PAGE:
Foreigners are allowed to purchase real estate property in Tunisia. Until recently, Tunisian government officials discouraged investment in the real estate sector. Nonetheless, this policy seems to be being relaxed, though all real estate transactions are still subject to approval.
Agricultural land cannot be bought by foreigners. Leasing of (agricultural) land up to 40 years, however, is allowed.
A preliminary contract of sale (“promesse de vente” or promise of sale) is executed between the contracting parties. Whether there are any legal encumbrances on the property should be first checked at the Regional Land Ministry.
The preliminary contract should include:
• the name of the contracting parties;
• address and other identification details of the property;
• specification of what costs the seller and purchaser bear;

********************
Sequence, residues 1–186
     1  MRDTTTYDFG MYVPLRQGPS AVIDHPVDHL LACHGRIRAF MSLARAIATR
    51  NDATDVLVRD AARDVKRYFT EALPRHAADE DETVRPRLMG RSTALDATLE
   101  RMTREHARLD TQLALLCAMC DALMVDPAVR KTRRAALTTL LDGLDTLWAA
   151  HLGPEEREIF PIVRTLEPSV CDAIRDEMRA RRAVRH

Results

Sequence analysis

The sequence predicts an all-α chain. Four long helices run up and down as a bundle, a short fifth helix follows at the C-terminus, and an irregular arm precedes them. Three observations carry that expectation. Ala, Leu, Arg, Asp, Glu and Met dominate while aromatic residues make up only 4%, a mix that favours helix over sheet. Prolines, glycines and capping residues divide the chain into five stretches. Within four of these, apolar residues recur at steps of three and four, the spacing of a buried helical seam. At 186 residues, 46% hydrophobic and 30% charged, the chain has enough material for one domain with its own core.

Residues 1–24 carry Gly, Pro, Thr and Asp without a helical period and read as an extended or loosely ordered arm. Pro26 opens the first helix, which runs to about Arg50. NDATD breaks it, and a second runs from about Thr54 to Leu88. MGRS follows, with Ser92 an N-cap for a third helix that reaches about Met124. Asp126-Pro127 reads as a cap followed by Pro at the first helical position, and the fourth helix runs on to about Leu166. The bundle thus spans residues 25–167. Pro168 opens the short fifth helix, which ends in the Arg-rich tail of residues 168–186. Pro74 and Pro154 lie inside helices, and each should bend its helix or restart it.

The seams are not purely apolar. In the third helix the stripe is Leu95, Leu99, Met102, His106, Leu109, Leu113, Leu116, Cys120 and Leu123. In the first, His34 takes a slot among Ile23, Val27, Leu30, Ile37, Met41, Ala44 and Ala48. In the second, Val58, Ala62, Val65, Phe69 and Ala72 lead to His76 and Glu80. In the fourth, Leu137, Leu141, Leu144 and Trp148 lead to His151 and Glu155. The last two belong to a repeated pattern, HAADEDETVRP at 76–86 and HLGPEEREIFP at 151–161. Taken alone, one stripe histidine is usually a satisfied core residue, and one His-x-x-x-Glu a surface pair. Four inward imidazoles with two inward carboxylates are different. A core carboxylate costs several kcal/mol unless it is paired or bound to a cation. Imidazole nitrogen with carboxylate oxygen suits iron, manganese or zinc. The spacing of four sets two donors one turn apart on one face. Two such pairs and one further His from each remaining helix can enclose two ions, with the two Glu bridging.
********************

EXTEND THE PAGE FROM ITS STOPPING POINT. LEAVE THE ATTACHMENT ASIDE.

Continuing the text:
• presence of tenant and date of vacancy (if relevant);
• “delay of realisation of sale”, whichrefers to a grace period, during which the purchaser can fulfill needed documentation and secure funding;
• a deposit equivalent to 10% of the sale price is expected.
The contract is then prepared by a lawyer or a notary after consultation with the property registry services. In either case, the contract still needs to be notarized, and the contracting parties should be present.
After payment of the transfer tax and registration fee, the purchaser files an application for a title deed at the Land Property Administration, and does a property certificate from the Regional Land Registry.
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